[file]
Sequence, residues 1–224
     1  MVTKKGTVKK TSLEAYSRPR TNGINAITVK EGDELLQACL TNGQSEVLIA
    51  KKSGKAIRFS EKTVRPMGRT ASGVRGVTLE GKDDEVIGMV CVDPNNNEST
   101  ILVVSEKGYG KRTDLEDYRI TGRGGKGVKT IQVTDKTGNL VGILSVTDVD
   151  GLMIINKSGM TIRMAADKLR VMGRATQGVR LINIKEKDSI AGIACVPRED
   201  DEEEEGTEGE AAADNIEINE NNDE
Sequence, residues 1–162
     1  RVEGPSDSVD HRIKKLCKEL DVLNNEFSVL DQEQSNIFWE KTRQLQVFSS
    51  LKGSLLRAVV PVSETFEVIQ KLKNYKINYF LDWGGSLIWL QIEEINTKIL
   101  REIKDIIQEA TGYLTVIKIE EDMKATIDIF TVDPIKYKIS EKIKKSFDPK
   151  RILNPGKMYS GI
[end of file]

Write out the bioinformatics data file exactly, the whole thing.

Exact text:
Sequence, residues 1–224
     1  MVTKKGTVKK TSLEAYSRPR TNGINAITVK EGDELLQACL TNGQSEVLIA
    51  KKSGKAIRFS EKTVRPMGRT ASGVRGVTLE GKDDEVIGMV CVDPNNNEST
   101  ILVVSEKGYG KRTDLEDYRI TGRGGKGVKT IQVTDKTGNL VGILSVTDVD
   151  GLMIINKSGM TIRMAADKLR VMGRATQGVR LINIKEKDSI AGIACVPRED
   201  DEEEEGTEGE AAADNIEINE NNDE
Sequence, residues 1–162
     1  RVEGPSDSVD HRIKKLCKEL DVLNNEFSVL DQEQSNIFWE KTRQLQVFSS
    51  LKGSLLRAVV PVSETFEVIQ KLKNYKINYF LDWGGSLIWL QIEEINTKIL
   101  REIKDIIQEA TGYLTVIKIE EDMKATIDIF TVDPIKYKIS EKIKKSFDPK
   151  RILNPGKMYS GI